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Antimicrobial Stewardship In NICU: Compliance with CDC Guidelines

Friday, October 19, 2012
Room R02-R05 (Morial Convention Center)
Vaneet Kumar Kalra, MD1, Prem Arora, MD1, Mirjanna Lulic-Botica2 and Girija Natarajan, MD1, (1)Department of Pediatrics (Division of Neonatal-Perinatal Medicine), Wayne State University, Detroit, MI, (2)Division of Neonatology, Wayne State University, Detroit, MI

Purpose: Centers for Disease Control and Prevention (CDC) 12 step campaign to prevent antimicrobial resistance encourages clinicians use antimicrobials (AM) wisely, to target the pathogen, stop treatment appropriately and remove lines. Our objective of this study was to assess AM therapy for bloodstream infections (BSIs) among neonates in NICU for compliance with CDC guidelines and explore reasons for non-compliance.

Methods: A retrospective review of infants admitted to NICU with a culture-positive BSI at > 72 hours of age was done using our electronic discharge database. AM therapy was assessed for compliance with CDC guidelines on the following criteria a) AM choice based on local data and practice (vancomycin and cefotaxime or cefepime if ventilated for > 28 days, previously colonized with pseudomonas species or tracheotomized) b) timing of AM initiation-within 12 hours of septic evaluation c) AM duration –continuation beyond planned duration or inappropriate duration for focal involvement d) timeliness of line removal and e) continuation of broad-spectrum antibiotics.  

Results: We identified 159 episodes of BSIs in a cohort of 88 infants, with median (range) gestational age of 27 (23-35) weeks, birth weight of 770 (410-2130) grams and 41% males. Respiratory symptoms (75 episodes, 47%) were the most common indication for septic evaluation. Leucocyte (> 20, 000), platelets (<100, 000) and C reactive protein > 10 were noted in 26 (16%), 60 (38%) and 60 (75%) infants in whom it was done respectively. The organisms were gram positive (64%), gram negative (15%) bacteria and Candida (21%). Coagulase negative staphylococcus (29%) was the commonest organism. Concomittant cerebrospinal fluid and urinary culture was performed in 121 (76%) and 51 (32%) episodes. Meningitis was identified on 14 occasions. The median (range) age at initial positive blood culture was 24.5 (4-114) days and duration of positive cultures was 3 (1-16) days. An inappropriate choice of AM at initiation was identified in 17 (10.6%), delay in initiation in 13 (8%) and a delayed or premature discontinuation in 12 (7.5%). The central venous catheter was not removed or removed late in 24 (15%) cases and broad spectrum AMs were continued in 15 (10.6%) cases for either necrotizing enterocolitis (7) or the critical condition of the infants (6). Overall, non-compliance using predefined criteria was noted in 63 (40%) cases.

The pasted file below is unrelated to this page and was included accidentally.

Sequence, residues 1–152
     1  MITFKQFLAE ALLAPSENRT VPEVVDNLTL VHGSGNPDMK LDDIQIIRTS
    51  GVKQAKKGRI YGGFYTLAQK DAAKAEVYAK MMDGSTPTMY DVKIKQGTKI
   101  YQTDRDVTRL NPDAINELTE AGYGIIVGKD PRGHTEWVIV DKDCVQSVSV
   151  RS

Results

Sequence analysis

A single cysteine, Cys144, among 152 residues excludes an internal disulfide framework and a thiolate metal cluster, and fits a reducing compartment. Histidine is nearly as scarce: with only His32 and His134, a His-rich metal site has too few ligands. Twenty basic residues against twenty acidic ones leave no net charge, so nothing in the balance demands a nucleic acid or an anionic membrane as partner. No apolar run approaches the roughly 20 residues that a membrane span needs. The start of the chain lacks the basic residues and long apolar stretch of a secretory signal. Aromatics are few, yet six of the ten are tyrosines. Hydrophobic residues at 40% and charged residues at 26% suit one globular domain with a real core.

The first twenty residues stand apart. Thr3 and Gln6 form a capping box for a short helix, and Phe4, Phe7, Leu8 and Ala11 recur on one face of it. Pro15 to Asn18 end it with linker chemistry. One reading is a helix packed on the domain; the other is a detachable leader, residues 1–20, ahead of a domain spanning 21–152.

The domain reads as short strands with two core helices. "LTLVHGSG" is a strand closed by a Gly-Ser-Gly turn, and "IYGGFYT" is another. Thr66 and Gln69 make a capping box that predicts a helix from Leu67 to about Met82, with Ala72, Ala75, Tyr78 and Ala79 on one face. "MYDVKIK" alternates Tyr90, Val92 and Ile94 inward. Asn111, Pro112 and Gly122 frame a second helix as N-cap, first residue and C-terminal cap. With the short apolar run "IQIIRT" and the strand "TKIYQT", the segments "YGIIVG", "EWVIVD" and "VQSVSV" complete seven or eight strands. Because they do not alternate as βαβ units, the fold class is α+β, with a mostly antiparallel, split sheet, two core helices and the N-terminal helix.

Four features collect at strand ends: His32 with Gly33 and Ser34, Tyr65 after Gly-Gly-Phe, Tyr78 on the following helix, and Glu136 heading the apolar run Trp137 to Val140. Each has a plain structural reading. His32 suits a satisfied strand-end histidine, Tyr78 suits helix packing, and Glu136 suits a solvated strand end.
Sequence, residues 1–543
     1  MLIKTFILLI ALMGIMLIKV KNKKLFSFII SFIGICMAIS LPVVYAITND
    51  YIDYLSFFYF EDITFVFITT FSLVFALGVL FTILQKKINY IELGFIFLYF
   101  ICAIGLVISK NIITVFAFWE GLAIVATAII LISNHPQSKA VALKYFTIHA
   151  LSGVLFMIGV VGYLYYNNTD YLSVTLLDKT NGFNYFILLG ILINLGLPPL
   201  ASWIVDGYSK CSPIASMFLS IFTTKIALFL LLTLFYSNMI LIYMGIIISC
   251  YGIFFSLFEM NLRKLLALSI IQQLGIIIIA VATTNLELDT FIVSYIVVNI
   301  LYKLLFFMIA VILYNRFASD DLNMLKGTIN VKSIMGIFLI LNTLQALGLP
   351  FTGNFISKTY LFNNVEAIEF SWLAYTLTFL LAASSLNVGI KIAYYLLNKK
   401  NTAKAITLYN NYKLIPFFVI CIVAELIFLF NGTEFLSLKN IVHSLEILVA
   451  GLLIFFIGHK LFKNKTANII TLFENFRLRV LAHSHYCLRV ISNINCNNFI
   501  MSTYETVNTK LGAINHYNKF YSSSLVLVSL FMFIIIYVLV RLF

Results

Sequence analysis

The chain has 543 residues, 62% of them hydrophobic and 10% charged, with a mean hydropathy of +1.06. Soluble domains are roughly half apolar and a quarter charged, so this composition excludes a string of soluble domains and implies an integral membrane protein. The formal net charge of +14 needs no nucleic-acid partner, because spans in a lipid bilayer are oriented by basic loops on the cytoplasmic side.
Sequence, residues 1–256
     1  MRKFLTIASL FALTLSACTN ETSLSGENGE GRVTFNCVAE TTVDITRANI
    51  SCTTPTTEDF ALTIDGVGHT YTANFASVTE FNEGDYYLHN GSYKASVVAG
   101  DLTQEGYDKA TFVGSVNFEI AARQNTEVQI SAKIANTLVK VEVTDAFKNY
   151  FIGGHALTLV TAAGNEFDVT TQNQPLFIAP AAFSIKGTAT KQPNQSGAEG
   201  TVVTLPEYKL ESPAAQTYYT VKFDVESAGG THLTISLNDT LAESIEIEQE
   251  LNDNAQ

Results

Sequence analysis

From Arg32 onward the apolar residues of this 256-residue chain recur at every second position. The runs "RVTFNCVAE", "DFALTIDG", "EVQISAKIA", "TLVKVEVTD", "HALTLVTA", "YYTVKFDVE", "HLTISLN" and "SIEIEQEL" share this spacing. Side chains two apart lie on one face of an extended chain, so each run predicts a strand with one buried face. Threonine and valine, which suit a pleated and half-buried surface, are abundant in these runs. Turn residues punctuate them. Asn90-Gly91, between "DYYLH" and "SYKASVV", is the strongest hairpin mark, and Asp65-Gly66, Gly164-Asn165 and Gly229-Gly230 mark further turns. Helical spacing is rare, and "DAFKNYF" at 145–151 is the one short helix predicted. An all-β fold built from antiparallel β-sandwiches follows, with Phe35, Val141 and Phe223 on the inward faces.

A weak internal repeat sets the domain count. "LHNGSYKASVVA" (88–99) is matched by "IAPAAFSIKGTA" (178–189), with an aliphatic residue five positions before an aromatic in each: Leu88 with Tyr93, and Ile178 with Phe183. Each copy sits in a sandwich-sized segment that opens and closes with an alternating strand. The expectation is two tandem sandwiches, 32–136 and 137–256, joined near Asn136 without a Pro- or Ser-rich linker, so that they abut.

Conclusion: Non-compliance with CDC guidelines on appropriate AM therapy was noted in 40% of infants in the studied cohort. The commonest deviations were failure to remove central venous catheters and continuation of broad-spectrum AM in critically ill infants, rather than target the identified pathogen. We speculate that, while ongoing QA initiatives may increase awareness and improve compliance, some deviations are inevitable in this critical vulnerable population.